Media Credit: Photo (NyPost) (celebrityvipplunge) (Chicago.cbslocal.com ) / Video (itn) (ABCNews)
Posted: Tuesday April 24, 2012 @5:25 p.m. PST
Jennifer Hudson listened with her head down and eyes closed as a police officer testified Tuesday about finding her mother’s body in a pool of blood in the living room.
As prosecutors introduced evidence about the murder scene, Hudson sat next to her fiancé in the Chicago courtroom while Sgt. David Dowling also described finding the bloodied body of Hudson’s brother in bed.
Later, Hudson left the courtroom with her sister, Julia, avoiding the testimony of a forensic investigator who identified crime-scene photos that showed the bodies.
The grisly testimony came in the second day of the trial of Hudson’s former brother-in-law, William Balfour, charged with fatally shooting her mother Darnell Donerson, brother Jason Hudson and 7-year-old nephew Julian King in 2008.
The Oscar-winning actress was the first witness on Monday, breaking down on the stand as she told the jury that the family had warned Julia against marrying Balfour because he treated her badly.
Sgt. Dowling testified that Hudson’s mother was found in the South Side Chicago house with gunshot wounds to the back and that her brother had a gunshot wound to the head.
A search for the then-missing nephew ended three days later with the boy’s body being found in an SUV, another witness testified.
According to AP, Proceedings begin Monday in the murder trial of William Balfour, accused of murdering Oscar winner Jennifer Hudson’s mother, brother and 7-year-old nephew.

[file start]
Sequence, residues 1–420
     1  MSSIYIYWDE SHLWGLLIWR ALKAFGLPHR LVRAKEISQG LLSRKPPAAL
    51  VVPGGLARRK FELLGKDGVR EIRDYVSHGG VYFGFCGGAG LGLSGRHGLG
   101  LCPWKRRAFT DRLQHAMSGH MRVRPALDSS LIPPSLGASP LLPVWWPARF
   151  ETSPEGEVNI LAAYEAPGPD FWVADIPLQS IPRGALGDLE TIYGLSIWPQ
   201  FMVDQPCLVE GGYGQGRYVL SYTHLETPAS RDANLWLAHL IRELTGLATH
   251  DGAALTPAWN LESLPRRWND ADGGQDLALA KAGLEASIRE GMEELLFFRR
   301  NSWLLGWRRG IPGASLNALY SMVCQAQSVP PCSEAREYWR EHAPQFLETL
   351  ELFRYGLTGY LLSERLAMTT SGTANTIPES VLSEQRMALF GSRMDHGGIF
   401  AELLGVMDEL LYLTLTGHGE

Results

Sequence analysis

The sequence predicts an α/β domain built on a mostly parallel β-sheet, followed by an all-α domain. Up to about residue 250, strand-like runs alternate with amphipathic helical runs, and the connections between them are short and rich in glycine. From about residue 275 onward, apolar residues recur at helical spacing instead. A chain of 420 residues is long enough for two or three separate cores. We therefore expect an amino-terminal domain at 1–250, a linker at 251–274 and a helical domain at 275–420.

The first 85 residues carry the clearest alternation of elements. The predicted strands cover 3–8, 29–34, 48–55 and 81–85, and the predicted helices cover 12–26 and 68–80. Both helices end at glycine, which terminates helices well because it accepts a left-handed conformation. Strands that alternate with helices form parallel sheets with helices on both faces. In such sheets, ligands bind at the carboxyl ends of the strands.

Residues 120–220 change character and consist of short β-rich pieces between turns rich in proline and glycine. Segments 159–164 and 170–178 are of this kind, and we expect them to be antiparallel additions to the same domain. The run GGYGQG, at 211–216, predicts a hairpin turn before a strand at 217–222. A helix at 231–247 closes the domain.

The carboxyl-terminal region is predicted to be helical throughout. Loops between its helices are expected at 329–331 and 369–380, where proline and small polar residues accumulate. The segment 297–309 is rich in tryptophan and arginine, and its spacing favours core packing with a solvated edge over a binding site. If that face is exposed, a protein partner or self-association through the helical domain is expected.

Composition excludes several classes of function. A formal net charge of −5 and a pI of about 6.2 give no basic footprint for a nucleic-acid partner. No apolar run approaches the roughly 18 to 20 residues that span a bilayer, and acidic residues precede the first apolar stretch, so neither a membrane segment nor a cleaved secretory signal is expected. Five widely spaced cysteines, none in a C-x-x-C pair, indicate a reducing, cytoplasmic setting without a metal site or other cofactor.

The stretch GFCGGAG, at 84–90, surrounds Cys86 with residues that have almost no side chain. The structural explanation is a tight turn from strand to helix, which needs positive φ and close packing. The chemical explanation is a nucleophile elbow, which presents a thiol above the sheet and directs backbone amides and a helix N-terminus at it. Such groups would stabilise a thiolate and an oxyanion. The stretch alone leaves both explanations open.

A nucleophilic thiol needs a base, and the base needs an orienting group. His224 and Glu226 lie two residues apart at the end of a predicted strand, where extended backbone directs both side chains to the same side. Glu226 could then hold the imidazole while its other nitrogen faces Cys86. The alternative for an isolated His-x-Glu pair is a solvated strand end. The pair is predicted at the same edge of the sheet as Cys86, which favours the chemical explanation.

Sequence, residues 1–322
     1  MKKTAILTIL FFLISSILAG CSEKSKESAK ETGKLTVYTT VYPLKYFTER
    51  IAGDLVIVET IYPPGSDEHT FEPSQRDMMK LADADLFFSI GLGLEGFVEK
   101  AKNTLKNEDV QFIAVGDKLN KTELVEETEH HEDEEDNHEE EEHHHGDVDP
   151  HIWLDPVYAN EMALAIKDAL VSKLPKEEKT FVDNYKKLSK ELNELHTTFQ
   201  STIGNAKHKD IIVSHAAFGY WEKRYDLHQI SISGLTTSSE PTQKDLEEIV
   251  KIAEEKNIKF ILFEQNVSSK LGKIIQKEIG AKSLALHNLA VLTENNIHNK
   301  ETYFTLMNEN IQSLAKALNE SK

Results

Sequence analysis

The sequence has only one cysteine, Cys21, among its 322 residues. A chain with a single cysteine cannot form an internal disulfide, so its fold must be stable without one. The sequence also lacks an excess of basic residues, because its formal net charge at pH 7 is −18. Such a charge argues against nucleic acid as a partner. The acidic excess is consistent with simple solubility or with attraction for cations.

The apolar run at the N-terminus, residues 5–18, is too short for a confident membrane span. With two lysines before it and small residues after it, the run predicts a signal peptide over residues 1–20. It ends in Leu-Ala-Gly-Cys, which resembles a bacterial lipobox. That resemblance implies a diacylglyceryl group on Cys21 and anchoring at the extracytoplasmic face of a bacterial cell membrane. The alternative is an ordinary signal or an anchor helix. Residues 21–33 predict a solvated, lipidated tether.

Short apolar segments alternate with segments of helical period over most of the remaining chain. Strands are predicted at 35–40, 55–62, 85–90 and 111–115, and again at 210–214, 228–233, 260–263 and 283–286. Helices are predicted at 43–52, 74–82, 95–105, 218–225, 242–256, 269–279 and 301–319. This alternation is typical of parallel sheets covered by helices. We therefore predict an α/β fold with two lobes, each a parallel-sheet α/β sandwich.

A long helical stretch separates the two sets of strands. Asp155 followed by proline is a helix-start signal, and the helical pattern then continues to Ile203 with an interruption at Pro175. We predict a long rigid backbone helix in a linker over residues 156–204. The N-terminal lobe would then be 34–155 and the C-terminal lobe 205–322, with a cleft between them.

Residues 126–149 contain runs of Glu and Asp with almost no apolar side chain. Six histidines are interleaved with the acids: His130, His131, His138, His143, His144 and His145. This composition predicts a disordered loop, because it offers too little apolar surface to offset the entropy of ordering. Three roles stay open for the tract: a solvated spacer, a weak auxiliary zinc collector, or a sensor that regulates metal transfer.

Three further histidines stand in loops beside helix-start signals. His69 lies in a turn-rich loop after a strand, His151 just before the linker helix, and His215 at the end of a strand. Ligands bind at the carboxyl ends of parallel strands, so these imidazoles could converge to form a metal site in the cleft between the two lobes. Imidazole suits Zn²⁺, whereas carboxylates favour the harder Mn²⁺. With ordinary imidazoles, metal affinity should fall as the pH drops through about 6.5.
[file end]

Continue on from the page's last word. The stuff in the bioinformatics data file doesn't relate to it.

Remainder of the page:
Judge Charles Burns plans to start questioning would-be jurors one by one, trying to weed out anyone who could be swayed by Hudson’s celebrity status.
Hudson is expected to be at the trial every day once testimony begins, court officials say. She is also on the 300-name list of witnesses who could testify.
Legal experts widely agree on the No. 1 challenge at trials involving megastars. It is the task of identifying 12 jurors able and willing to assess guilt solely on what they hear in court.
This dilemma became clear last week, when 150 potential jurors filled out their questionnaires in court. Nine of the 66 questions dealt with Hudson’s career: Would-be jurors were asked if they’d ever seen her Academy Award-winning film “Dreamgirls” and if they belong to an organization for which Hudson is a spokesperson, presumably a reference to Weight Watchers.
It was obvious many potential jurors had heard of the killings with some gasping when the judge first read the name of the case.
When Burns asked if anyone felt they couldn’t hear the evidence “without sympathy, bias or prejudice” to step up, he looked on with apparent alarm as five, 15, and then 20 people rose. He finally told everyone to sit down and disregard the question, for now.
Hudson will need to refrain from overt displays of emotion as potentially starstruck jurors’ eyes dart back at her, said Gerald Uelmen, a defense attorney at O.J. Simpson’s murder trial.
The risk is that jurors may be watching her rather than testifying witnesses, and they could be influenced by how she reacts,” he said. “She would be well advised not to engage in any facial expressions or outbursts. That could be grounds for a mistrial.”
Prosecutors say Balfour, the 30-year-old estranged husband of Hudson’s sister, shot the family in a jealous rage because Julia Hudson was dating another man.
The bodies of Hudson’s mother, Darnell Donerson, 57, and brother, Jason Hudson, 29, were found shot to death in the family’s home on Oct. 24, 2008. The body of her nephew, Julian King, was found days later in a vehicle several miles away.
Balfour’s attorneys have said the evidence is circumstantial although prosecutors say proof he committed the crime will include gun residue found on his car’s steering wheel.
Judges don’t insist jurors be blank slates but they merely want to know if jurors can set aside their biases and preconceptions, said Laurie Levenson, a law professor at Loyola Law School Los Angeles.
“You certainly don’t want a juror who hasn’t heard of Jennifer Hudson, for instance,” Levenson said. “That would raise other serious questions, like, where’s this person been living – under a rock?”